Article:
Ariadne tells not only the life story of its heroine, but explores the darker sides of the gods. Their thirst for revenge, their need for adoration. Their hubris. Little thought or care is given to how their choices and curses affect others. Women get the brunt of their wrath, often the object of displaced anger. Instead of inflicting their rage and disdain on the one who actually insulted them, the gods instead inflict the pain and suffering onto those within their circle.

While the story was well written, it was also a little depressing. There is a little bit of hopefulness in the Epilogue, but not enough to overcome the entirety of the story that I had just finished reading. I both listened to this on audio and read the book. Typically, I love audio books more, but not this one and I do not recommend it. The voice and emotions portrayed felt wrong. Every time I began the audio I couldn’t wait for the story to end. Picking up the book instead, breathed new life into the story for me.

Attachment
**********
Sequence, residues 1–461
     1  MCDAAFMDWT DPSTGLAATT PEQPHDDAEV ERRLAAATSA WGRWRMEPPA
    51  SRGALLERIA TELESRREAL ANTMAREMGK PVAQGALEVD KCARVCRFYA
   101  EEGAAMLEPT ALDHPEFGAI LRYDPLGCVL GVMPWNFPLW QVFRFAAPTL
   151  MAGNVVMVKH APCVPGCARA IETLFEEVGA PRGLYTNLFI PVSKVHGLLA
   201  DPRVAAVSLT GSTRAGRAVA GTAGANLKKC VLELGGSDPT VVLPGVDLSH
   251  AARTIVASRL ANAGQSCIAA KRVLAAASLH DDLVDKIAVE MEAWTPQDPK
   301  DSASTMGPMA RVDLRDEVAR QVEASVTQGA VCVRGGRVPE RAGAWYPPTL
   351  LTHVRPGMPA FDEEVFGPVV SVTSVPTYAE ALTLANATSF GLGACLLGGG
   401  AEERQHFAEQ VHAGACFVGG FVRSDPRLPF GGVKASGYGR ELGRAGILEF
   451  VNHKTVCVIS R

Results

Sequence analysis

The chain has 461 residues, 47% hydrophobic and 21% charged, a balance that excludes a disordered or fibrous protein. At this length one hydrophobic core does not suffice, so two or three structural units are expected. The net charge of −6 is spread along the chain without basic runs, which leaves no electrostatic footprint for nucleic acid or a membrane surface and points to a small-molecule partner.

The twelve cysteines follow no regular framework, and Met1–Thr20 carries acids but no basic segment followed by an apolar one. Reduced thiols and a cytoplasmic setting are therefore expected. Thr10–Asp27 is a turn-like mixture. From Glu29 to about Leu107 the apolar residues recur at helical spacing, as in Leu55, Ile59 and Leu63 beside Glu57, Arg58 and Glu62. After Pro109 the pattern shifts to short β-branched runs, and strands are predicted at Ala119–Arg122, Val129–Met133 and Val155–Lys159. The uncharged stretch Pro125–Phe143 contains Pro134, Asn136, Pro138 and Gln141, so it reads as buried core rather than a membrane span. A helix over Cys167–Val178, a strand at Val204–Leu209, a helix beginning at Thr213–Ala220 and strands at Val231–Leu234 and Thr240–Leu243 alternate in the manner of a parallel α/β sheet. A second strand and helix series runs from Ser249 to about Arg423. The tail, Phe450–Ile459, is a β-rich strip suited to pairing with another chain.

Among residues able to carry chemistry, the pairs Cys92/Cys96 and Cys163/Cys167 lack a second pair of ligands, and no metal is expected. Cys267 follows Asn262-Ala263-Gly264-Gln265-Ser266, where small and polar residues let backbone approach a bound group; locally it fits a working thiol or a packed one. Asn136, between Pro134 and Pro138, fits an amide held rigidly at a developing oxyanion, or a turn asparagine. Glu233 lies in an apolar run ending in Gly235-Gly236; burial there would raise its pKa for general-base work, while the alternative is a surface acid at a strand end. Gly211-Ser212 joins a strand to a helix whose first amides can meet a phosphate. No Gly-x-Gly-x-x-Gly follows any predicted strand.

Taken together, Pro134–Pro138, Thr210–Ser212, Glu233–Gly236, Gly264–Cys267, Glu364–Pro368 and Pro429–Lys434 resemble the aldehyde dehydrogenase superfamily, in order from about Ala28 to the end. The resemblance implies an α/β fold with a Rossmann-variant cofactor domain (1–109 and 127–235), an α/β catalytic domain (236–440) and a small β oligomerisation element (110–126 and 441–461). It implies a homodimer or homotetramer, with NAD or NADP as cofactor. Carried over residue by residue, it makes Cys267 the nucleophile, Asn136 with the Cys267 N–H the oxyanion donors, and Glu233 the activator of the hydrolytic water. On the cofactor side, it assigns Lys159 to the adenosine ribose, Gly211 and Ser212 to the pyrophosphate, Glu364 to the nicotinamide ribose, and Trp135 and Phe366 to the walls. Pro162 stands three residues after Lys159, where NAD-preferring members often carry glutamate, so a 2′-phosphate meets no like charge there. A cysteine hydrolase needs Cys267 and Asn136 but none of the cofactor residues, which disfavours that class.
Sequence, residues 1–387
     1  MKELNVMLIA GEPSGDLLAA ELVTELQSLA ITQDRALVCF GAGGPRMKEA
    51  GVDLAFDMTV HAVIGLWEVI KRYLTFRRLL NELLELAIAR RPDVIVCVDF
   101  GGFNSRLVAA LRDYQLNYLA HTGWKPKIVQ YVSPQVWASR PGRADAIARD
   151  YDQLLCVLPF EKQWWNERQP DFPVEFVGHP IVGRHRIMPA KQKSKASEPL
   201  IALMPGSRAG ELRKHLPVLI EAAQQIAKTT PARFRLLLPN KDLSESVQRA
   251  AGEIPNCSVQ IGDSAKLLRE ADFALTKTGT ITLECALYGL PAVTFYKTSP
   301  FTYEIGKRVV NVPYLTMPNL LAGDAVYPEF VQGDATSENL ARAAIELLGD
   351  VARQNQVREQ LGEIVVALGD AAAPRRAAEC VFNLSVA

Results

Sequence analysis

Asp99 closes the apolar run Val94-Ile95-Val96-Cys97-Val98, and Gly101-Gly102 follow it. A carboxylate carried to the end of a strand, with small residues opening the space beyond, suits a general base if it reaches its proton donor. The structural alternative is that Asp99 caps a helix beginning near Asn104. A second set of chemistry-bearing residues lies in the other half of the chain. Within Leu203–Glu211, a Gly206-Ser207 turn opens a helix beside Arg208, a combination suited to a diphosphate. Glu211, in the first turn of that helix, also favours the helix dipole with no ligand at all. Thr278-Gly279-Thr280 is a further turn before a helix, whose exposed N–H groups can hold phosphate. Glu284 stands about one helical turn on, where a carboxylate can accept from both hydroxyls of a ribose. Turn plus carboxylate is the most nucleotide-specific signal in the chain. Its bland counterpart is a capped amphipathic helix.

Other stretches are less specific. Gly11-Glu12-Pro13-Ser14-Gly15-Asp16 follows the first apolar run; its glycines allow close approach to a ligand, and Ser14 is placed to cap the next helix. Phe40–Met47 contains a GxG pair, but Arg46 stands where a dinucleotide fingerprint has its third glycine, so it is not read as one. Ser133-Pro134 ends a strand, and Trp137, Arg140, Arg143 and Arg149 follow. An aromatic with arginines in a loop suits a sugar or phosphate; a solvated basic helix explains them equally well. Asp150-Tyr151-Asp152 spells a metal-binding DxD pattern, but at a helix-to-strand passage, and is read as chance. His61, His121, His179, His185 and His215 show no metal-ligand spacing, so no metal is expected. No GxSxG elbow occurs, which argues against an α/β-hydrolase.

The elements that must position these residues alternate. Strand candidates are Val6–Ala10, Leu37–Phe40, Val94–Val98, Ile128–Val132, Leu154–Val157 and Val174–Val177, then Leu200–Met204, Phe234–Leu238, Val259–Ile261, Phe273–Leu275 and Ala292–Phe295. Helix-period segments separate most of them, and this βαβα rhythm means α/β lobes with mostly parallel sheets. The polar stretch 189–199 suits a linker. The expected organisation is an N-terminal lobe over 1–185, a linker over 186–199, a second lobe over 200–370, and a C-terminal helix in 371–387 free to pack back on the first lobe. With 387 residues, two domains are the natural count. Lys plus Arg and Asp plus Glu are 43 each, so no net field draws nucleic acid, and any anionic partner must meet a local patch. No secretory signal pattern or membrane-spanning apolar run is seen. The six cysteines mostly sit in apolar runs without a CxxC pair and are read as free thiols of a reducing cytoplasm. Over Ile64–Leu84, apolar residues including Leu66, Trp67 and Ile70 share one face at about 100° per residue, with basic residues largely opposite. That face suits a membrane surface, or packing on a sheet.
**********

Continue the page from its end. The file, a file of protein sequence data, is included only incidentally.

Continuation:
Age of Ash – Book Review

Age of Ash: Daniel Abraham
Published on: February 15, 2022

Description:

Kithamar is a center of trade and wealth, an ancient city with a long, bloody history where countless thousands live and their stories unfold.

This is Alys’s.

When her brother is murdered, a petty thief from the slums of Longhill sets out to discover who killed him and why.  But the more she discovers about him, the more she learns about herself, and the truths she finds are more dangerous than knives. 

Swept up in an intrigue as deep as the roots of Kithamar, where the secrets of the lowest born can sometimes topple thrones, the story Alys chooses will have the power to change everything.

Review:

“Longhill’s always Longhill.”

The strength of this story lies in its world building. It takes only a second to realize the world Daniel Abraham has created is rich with history and is well-developed. The characters reference that history time and time again. They know which district they have come from and what it means. It means that “Longhill’s always Longhill.” No matter where you go – you’re always a Longhill. It’s the type of story that gives you the distinct impression that the author has not only every street mapped out, but that he also knows every stall and business on the street as well as who runs it.